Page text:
Reality’s a fantasy

Just finished Zola’s ‘L’Assomoir’ (‘The Drinking Den’), and once again been pondering the fantasy / reality gap. Zola saw himself as a Realist; closely allied with the Impressionists, he sought to create a prose equivalent to their vivid, journalistic depictions of everyday Parisian life. Zola and the Impressionists broke cultural and aesthetic taboos, and both […]

Your 20th century boy

In the context of yesterday’s comments about the self-justifying self, I’ve been thinking about Michael Moorcock’s ‘Between the Wars’ series of books (‘Byzantium Endures’, ‘The Laughter of Carthage’, ‘Jerusalem Commands’, ‘The Vengeance of Rome’), dealing with the adventures of Maxim Pyat in the 20th Century. Maxim’s a fascinating character. Both naïve adventurer and lethal manipulator, […]

Space is Deep

A.R. Yngve’s comment below set me thinking about the deepness of space, and a writer who’s dealt with its profoundly dislocating emptiness more successfully than most – A. E. Van Vogt. Van Vogt’s ‘Voyage of the Space Beagle’ (or ‘Space Bagel’, as it’s known round these parts) couldn’t really exist without that awareness. Its protagonist, […]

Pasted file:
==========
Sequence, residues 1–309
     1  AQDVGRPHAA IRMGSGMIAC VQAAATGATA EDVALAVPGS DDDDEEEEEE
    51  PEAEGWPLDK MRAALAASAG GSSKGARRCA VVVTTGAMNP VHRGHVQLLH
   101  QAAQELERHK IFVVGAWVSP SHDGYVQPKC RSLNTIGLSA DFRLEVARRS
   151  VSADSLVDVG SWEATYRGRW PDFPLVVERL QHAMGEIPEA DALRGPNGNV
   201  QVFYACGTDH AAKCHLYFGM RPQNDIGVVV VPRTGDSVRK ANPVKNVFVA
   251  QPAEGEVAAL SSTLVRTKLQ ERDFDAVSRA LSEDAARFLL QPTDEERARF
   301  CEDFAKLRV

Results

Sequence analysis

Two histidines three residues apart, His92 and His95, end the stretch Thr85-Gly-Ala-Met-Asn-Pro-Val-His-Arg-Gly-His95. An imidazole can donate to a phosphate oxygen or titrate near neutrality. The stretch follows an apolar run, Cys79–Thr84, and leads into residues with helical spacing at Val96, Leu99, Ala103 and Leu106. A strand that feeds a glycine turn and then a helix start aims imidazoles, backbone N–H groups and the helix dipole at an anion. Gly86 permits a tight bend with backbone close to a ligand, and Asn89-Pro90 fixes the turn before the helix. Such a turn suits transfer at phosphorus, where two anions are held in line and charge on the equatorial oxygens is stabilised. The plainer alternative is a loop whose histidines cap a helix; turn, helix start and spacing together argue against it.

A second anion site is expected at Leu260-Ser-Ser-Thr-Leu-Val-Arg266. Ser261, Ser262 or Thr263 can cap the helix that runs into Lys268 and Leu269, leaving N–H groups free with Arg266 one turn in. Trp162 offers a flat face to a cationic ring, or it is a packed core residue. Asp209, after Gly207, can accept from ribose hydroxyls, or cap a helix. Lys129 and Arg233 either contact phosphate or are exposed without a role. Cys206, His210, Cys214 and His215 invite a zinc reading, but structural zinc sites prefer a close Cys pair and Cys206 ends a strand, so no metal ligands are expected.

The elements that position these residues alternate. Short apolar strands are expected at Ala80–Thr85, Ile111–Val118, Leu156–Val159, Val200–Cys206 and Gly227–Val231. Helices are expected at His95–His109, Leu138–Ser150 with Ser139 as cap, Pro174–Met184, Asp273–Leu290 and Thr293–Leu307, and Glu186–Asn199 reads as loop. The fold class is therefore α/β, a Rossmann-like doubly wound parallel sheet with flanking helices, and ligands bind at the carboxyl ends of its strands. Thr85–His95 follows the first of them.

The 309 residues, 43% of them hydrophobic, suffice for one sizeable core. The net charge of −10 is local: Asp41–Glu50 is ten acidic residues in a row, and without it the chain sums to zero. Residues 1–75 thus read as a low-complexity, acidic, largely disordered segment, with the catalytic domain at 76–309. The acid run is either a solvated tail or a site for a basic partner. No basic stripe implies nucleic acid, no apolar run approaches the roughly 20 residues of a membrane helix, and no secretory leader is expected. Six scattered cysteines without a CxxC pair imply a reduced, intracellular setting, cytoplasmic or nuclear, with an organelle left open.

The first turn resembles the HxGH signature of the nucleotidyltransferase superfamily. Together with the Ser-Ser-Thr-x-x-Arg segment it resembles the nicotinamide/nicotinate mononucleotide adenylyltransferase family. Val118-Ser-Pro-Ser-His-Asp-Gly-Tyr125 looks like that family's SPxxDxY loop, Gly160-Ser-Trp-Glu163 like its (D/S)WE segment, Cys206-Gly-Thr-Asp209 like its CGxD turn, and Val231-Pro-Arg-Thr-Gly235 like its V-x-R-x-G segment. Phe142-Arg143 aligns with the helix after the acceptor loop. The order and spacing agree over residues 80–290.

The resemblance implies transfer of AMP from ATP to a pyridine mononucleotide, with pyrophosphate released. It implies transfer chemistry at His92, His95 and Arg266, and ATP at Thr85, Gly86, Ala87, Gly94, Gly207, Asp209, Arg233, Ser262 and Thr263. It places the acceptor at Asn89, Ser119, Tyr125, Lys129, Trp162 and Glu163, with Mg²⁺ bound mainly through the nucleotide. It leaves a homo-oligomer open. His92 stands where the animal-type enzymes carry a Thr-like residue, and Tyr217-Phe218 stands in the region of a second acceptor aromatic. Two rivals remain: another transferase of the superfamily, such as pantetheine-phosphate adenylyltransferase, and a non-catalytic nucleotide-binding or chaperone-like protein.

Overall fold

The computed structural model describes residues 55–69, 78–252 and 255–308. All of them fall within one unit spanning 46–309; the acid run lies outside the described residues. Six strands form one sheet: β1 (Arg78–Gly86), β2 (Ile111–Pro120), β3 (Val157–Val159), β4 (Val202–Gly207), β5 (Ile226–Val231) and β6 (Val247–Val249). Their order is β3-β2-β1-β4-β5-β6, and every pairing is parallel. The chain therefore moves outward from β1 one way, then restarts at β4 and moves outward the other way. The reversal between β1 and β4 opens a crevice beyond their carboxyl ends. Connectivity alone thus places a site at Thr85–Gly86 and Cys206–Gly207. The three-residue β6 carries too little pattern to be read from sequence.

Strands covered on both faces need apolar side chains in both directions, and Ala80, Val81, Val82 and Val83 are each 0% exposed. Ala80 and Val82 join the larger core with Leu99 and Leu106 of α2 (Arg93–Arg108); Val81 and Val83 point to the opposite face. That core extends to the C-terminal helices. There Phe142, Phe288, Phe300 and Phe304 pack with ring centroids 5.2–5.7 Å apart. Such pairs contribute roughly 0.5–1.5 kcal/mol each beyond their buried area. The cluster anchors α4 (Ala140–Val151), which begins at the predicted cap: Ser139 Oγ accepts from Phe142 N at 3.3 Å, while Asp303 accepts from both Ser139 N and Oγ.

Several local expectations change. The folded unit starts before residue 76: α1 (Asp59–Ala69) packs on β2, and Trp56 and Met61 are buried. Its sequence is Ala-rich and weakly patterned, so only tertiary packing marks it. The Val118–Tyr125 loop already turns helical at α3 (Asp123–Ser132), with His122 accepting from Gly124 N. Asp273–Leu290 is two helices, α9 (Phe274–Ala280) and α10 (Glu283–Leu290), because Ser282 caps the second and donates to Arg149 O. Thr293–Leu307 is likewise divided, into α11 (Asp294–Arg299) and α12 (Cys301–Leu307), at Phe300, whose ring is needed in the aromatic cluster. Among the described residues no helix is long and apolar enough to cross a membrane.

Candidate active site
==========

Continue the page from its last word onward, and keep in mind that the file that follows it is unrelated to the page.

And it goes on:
The Wall game

Monday again, and time to think about Alan Wall, as he has a ‘how to’ book on writing out. This is very exciting, because he’s a magnificent writer. First book of his I read was ‘China’, which was hugely enjoyable (in part because it’s very well written, in part because it’s mostly set around five […]

Lovecraft’s tentacles

In an introduction to a Lovecraft collection, China Mieville points out that H. P. Lovecraft introduced tentacles – and indeed the squamous in general – into horror fiction. That squamousness signifies a wider fascination with negotiable identities. One of the key tropes of Lovecraftian horror is that your place in the cosmos – indeed, the […]